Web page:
Black/Weir/Skimming and McGuffie Research

Delighted to have time to research my own and my husband’s family now that I have given up doing research for others!

On my side I am researching Skimming, Simpson, and McGuffie all from Wigtownshire and McGuffies in Liverpool. On my husband’s side it is Blacks, Russells, Weir and Barrs from West Lothian and Lanark.

Contact me if this is any of your family!

Testimonial from California

From William Cain of California:  Frances helped make my mom’s dream of seeing where her Scottish ancestors lived a reality. I contacted Frances a few weeks before we planned to visit Scotland to try to trace our family history. She did some research based on the limited information that I had and was able to discover where our relatives lived and worked before they emigrated to the US. In addition to proving copies of the search results (which we have shared with many relatives upon our return), she took the time to explore the areas ahead of our arrival so that she would have first hand experience of what there was to see. On the day of the tour she picked us up at our apartment and took us to all of the various towns where our relatives had lived. She was very knowledgeable, accommodating, friendly and relaxed as we explored the beautiful Scottish countryside. It was a very special day for my mother that she will never forget. I highly recommend Frances.

Frances & William’s mother Jane at Culross (Cranesmuir in Outlander) 2017


Family History is Fun – Free event Cupar Library 16 Jan 2018

Family History is Fun

16 January @ 10:00 am3:00 pm


Want to find out more about your Fife family history? Pop in and see what we have to help you start out with your family history. For those who have already started out, put ‘meat on the bones’ and be introduced to online resources. Fife Archives and Cupar Library Reference section and Cupar Heritage will also be displaying local history and heritage material. Admission Free. If you would like further information please contact [email protected]

Was you Ancestor a Fife Convict?

Nine hundred records and more than a thousand historic images of criminals convicted in Fife in the early part of the 20th century have been published online for the first time. The Fife, Scotland, Criminal Registers, 1910-1931 collection, has been digitised by Ancestry, the leader in family history and consumer genomics, from original records held by ON at Fife Archives.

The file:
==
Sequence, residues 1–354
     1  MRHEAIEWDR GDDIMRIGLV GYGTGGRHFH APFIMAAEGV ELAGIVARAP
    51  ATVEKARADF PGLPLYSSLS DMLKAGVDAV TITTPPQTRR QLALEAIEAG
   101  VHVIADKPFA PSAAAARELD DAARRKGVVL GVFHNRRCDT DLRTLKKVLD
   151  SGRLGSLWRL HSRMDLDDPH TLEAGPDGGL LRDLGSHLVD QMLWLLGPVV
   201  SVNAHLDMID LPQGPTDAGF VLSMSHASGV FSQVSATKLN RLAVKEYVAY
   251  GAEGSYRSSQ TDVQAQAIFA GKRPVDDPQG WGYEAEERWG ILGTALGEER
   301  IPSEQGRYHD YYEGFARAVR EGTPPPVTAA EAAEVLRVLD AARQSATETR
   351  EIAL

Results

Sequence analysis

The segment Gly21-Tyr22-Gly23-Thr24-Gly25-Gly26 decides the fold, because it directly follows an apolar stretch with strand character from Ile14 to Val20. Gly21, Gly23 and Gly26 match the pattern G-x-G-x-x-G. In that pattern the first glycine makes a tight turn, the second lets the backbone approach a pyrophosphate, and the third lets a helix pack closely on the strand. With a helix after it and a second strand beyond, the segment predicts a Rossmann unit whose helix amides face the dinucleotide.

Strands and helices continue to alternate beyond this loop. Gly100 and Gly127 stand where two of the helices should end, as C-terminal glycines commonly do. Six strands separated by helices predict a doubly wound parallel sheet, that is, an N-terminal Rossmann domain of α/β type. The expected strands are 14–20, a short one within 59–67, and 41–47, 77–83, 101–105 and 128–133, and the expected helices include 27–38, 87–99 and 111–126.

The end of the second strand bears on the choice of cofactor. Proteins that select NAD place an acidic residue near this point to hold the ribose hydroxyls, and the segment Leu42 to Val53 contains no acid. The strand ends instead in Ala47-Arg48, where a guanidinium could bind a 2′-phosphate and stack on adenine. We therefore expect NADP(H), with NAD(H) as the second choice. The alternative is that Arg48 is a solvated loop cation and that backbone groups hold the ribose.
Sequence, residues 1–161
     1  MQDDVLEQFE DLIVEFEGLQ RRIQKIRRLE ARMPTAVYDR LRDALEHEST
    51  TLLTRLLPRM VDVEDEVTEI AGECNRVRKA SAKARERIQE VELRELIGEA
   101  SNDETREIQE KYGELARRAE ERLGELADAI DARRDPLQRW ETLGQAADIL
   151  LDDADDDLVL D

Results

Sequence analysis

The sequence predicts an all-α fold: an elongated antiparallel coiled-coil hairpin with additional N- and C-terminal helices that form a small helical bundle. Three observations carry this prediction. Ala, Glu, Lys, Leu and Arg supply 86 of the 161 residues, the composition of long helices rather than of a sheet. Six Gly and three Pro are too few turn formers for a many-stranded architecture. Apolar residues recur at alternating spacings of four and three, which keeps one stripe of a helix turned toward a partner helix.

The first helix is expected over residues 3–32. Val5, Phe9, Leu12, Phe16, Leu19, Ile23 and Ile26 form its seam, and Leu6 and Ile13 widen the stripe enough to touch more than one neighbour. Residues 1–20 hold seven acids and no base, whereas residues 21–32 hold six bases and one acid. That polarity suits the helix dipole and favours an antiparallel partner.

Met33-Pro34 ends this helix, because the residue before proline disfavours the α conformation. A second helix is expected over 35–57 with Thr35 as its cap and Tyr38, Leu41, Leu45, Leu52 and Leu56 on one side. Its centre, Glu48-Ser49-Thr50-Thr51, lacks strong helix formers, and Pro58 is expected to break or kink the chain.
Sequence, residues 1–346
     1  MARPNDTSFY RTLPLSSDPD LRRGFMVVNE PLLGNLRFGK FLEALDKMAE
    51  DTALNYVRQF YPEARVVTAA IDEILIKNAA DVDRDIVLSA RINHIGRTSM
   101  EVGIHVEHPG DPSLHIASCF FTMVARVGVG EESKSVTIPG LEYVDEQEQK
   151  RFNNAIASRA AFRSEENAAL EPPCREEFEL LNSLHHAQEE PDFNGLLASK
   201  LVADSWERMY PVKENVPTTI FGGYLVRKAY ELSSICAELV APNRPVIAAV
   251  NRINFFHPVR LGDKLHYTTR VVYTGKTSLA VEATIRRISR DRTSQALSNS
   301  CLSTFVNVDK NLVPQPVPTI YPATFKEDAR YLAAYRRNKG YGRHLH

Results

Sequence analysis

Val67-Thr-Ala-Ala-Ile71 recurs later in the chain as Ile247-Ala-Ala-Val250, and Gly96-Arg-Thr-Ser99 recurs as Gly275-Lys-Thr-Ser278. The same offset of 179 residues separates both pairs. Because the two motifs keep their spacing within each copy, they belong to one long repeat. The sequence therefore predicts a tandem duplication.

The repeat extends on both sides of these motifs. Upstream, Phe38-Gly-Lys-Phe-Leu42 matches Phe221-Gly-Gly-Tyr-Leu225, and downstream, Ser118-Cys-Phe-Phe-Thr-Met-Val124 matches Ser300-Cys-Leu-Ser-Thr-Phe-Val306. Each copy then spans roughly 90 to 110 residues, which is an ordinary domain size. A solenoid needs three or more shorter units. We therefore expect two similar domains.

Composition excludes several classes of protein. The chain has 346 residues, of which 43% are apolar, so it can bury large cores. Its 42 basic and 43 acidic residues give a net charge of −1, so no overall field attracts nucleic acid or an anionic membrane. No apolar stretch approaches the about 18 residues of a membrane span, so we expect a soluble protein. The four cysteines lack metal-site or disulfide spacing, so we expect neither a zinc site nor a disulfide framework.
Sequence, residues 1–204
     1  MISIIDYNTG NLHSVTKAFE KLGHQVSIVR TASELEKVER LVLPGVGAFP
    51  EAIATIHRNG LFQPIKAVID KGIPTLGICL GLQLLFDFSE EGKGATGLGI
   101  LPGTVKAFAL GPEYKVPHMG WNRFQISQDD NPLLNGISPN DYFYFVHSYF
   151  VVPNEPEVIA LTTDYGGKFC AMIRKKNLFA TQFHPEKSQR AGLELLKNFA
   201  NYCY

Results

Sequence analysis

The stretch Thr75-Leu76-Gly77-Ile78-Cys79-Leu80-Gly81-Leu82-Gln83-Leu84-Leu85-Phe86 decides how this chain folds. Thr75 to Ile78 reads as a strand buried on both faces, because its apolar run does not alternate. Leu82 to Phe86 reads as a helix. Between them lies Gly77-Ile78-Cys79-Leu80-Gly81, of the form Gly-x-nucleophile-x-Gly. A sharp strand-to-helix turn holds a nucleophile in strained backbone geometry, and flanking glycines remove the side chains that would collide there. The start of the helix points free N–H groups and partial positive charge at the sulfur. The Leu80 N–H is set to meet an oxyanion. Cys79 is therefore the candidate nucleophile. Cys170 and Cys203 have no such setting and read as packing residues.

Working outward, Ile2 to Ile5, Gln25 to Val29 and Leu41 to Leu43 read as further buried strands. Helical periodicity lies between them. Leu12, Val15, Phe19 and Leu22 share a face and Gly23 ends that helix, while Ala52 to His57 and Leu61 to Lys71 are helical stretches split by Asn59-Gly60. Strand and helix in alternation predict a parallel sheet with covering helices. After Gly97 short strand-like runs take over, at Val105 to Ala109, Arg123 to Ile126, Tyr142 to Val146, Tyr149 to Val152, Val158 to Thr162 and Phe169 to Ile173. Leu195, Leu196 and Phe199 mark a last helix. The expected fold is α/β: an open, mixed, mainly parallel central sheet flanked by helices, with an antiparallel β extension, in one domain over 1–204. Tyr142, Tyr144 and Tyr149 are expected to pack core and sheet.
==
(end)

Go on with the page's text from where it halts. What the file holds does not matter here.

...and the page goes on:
Read more at:

This fascinating glimpse into the past gives details of convicts, their crimes and physical descriptions used to identify serial offenders.
And the photographs, some more than 100 years old, reveal the faces of men, women and children arrested in the region.

Read more at:

Valuation Rolls for 1935 go online with Scotland’s People

Valuation rolls for 1935 have now been added to ScotlandsPeople. This set of records follows ten previous releases of rolls, 1855 – 1930, on ScotlandsPeople, the family history website of National Records of Scotland.

The latest valuation rolls include more than 2.7 million indexed names and addresses for owners, tenants and occupiers of properties throughout Scotland, including a record of its annual valued rent. The total of index entries available to researchers on the ScotlandsPeople site is now over 118 million.

Tim Ellis, Registrar General and Keeper of the Records of Scotland, said:
“We’re delighted to be adding to the huge resources of ScotlandsPeople. The latest year opens a window into Scotland in 1935, giving an intriguing glimpse into life at the time. It is part of our commitment at National Records of Scotland to continue improving public access to the records researchers want.”

Among the newly-released records are entries relating to some of Scotland’s well- known authors, including Compton Mackenzie, Neil Gunn, Jospehine Tey, Nan Shepherd and Annie S. Swan. To discover more read our special feature on Scottish authors in the 1935 valuation rolls.

The valuation rolls now span 80 years from 1855 to 1935 and are searchable through nearly 28 million index entries. In the first rolls of 1855 there are just over 1 million entries, and in 1930 there were 2.5 million names. Between 1855 and 1930 Scotland’s population grew from over 3 million to 4.8 million.

New Queensferry Crossing

I had the pleasure of going over the New Queensferry Crossing this week. Despite the speed restrictions still in place, it was an amazing journey going over this bridge looking over the left and viewing the Forth Road Bridge and Rail Bridge. Who could fail to be impressed! If you were caught up in traffic spare a thought for those of us that used to have to go by ferry from just below the Rail bridge!